Home Sales in 2014 broke all previous price records, with many types of homes up as much as 9% and more in the GTA! The number of homes sold was only marginally higher than previous years but listing inventory was at historic lows throughout most of the year which combined with high demand drove home prices to record highs. In the big picture, GTA home prices have risen steadily since 1997, other than a 7 month correction and recovery during the US Banking crisis in 2008/2009, a minor hiccup in an 18 year upward run.
In Newmarket average detached home prices were just over $200,000 in 1997. Today average detached home prices are hovering around $600,000, that’s a 200% equity growth for original owners from 1997. While the starting and stopping prices vary from town to town, the percentage home value growth of approx 200% is pretty much a constant in the GTA. How long can we keep seeing this dynamic growth?
Real estate like other commodities goes through cycles and at some point this one has to come to an end. Our Real Estate careers has spanned over 50 years and 3 cycles as either a broker or a salesperson. But we have never experienced anything quite like our current upward run and no one else in our industry has either. Our crystal ball doesn’t tell us when but there are strong warning signs, that a correction is coming.
Here are 3 key areas of concern:
First: There are currently more investors/speculators in the market than ever before, particular in the new home sector. Most of these “investors” are not end users but instead are buying new homes to become short term landlords to rent out now and sell down the road or are hoping to just straight up flip after closing and make a profit. Many of these “investors” have bought multiple units to be built and delivered over the next 2 years. They have to flip earlier purchases to get their money back out to have enough down payment to close their later purchases. This creates an oversupply as builders are building homes that otherwise wouldn’t have been built and their may or may not be enough buyers to occupy. Price is always a function of supply and demand, over-supply negatively affects price. (Current gas prices are a great example of supply and demand interactions.)
Second:Rising prices themselves, have priced many of our first time buyers out of the market with no hope to qualify even with today’s historic low interest rates. The housing market is shaped like a pyramid with the base and lower supporting levels of the pyramid being made up of 1st time buyers and 2nd time buyers. Someone has to buy their townhouses to let that home owner move up to buy the smaller detached, the owner of the smaller detached is then free to buy up themselves, etc. so the chain reaction can continue and the pyramid is supported.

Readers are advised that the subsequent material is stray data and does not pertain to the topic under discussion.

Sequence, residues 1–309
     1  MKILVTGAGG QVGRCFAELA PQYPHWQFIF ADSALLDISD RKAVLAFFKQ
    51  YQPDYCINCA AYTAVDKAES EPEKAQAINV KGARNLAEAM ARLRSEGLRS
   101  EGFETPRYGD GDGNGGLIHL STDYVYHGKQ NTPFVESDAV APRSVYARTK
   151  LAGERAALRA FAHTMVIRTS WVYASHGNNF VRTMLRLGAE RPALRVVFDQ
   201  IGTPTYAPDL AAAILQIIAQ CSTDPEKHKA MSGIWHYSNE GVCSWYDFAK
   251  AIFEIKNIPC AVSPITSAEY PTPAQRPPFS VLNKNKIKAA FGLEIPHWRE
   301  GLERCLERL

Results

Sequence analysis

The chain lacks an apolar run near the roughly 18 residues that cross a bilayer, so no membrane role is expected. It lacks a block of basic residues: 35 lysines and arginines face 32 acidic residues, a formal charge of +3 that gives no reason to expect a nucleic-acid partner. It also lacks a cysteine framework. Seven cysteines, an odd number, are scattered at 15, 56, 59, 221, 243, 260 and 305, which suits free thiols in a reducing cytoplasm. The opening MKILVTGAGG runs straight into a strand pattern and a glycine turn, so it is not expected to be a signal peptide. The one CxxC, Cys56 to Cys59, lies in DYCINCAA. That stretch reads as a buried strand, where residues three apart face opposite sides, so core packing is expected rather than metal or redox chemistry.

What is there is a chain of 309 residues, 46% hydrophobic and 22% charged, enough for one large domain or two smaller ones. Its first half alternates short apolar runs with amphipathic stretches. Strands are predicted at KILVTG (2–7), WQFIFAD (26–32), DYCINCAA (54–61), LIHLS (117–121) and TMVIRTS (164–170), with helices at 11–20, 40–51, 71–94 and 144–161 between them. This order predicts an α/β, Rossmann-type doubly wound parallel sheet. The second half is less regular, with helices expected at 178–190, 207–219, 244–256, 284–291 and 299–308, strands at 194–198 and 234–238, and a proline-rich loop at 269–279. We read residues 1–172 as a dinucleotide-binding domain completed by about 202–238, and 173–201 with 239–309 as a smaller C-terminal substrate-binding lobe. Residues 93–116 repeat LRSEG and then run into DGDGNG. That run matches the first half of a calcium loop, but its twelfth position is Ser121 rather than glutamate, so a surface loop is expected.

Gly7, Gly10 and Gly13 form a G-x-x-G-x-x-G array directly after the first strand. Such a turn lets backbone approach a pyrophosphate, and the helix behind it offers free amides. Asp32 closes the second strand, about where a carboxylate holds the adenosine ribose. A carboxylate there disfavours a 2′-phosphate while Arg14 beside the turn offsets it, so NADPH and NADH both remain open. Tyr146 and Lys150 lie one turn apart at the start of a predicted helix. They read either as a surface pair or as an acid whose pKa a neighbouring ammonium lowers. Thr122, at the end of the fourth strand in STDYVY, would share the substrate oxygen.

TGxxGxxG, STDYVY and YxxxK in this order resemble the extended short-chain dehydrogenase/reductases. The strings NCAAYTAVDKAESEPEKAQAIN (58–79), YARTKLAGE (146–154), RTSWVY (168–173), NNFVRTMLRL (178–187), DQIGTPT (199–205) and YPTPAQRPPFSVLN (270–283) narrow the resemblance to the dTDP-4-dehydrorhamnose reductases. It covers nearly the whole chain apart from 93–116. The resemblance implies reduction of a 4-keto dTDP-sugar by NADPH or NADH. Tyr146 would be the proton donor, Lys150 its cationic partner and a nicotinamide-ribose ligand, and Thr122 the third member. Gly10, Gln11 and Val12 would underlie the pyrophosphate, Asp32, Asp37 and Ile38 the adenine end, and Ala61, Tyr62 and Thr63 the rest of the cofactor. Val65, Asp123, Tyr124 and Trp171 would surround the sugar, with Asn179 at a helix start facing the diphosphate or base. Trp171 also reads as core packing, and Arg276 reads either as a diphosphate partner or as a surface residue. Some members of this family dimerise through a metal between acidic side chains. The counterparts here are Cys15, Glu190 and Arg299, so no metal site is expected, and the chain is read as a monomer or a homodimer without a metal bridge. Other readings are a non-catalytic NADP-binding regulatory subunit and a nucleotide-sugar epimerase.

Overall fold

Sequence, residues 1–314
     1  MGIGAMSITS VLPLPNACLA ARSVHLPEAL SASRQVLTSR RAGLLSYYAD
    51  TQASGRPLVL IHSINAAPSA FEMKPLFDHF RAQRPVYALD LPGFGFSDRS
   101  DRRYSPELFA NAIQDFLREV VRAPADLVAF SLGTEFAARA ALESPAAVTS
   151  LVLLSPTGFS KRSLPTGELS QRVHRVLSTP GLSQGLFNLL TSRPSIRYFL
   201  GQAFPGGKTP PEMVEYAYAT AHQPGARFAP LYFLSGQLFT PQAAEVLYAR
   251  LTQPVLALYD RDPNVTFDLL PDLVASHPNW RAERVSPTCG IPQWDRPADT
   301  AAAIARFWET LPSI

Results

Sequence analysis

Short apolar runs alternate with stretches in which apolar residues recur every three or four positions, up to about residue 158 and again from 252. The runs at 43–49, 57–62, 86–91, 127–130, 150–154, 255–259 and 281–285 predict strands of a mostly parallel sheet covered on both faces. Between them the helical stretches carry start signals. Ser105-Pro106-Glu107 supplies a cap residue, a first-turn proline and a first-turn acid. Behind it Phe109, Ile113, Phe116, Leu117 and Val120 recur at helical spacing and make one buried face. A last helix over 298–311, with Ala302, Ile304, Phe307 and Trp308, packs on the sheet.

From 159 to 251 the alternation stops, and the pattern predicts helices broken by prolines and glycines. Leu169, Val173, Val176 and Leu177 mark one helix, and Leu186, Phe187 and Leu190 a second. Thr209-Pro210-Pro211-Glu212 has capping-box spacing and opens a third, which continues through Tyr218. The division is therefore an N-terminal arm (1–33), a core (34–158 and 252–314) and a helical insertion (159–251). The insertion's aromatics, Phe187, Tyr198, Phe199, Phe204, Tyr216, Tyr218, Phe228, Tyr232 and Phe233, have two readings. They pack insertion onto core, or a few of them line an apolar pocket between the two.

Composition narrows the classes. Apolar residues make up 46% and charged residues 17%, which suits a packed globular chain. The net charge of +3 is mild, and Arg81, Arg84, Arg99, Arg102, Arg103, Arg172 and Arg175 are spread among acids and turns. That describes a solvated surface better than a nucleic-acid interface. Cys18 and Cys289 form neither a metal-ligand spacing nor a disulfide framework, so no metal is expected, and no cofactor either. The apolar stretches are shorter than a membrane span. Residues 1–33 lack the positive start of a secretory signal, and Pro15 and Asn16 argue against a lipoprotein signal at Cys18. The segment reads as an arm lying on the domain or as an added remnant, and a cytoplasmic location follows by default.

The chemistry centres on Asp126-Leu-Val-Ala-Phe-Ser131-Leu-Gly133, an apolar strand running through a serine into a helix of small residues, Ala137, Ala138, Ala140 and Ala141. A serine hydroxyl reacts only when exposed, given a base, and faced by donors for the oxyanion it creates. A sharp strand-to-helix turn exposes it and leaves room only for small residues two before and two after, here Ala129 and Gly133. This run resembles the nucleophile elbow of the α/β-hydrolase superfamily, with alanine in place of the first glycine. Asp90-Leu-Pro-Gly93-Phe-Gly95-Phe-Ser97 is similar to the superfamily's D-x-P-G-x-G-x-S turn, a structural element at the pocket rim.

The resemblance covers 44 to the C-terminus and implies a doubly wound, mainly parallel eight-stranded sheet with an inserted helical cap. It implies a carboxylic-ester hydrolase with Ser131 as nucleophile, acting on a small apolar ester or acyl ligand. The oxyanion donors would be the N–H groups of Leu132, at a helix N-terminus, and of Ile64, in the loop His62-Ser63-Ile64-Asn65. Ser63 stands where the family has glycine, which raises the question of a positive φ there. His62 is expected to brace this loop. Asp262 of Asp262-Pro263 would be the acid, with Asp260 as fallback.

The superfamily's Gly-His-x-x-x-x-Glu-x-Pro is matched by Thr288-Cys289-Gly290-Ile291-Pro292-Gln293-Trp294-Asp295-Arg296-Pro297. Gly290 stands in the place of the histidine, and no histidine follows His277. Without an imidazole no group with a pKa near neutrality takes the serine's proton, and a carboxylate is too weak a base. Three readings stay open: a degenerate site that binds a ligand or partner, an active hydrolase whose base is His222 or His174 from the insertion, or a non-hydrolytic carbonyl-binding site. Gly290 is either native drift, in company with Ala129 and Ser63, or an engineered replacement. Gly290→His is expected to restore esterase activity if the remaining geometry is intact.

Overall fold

Many 1st time buyers have historic high debt, with mortgages amounts close to the value of their homes, unlike older home owners; this group have very little equity in their homes. They are dependent on continued rising prices to get some breathing room. Most of these younger buyers are in the early stages of their careers and/or have lower paying jobs; they can’t afford to pay more. As a result, they are very vulnerable to any changes in the economy and often are first to be laid off in a downturn. Take away these buyers, the base of the pyramid erodes and the market starts to collapse.
Third: at some point interest rates will increase. The Bank of Canada is again hinting of an interest rate increase for this spring. This not anything new but at some point rates will rise. Even a slight interest rate increase hits both the investors and the first time buyers very hard, in a blink affordability is eroded. An interest hike could be a killer!
So what does all this scary talk mean? Is it time to sell or is it time to buy?
Your crystal ball is probably as good as ours but if you are ready to buy your first home or planning to trading up or laterally this year,in the end, it probably does not matter. So long that is; that it is going to be a long term hold and you buy an sell in the same market conditions. Remember the market is cyclic and long term, home values have always recovered and grown higher.
Who is at risk? Well if you’re speculating on that new home and hoping to flip and make money, be cautious you are taking a great risk if the market corrects.There is no way of tell what home values and the overall market will be like 1 to 2 years from now, when that new home you bought finally gets delivered. And if you having to close and resell one new home that you've already bought in order to close another with a later closing, good luck and may the force be with you!
And lastly, if you’re that empty nester thinking about downsizing this year or next, maybe now is a good time as any to cash out and bank your gain. Inventory is very much at a historically low and home prices have never been this high. Real Estate has had an incredible run and as my father used to tell me "you never go broke taking a profit. "
Should you decide that this is the year to make a real estate move, then we would recommend listing sooner rather than later before the spring inventory grows . Right now you have a strong competitive edge. Currently with very little snow, there are a lot more buyers than usual out looking. It looks like the spring market will start earlier than usually and may have already started based on the activity we are seeing. So hit the market before everyone else does and bank some retirement dollars. Let us know your thoughts.
Want to chat about what to do...give Caroline or myself a call :)
Best Regards Dave Clarke, Broker & Caroline Novinic, Salesperson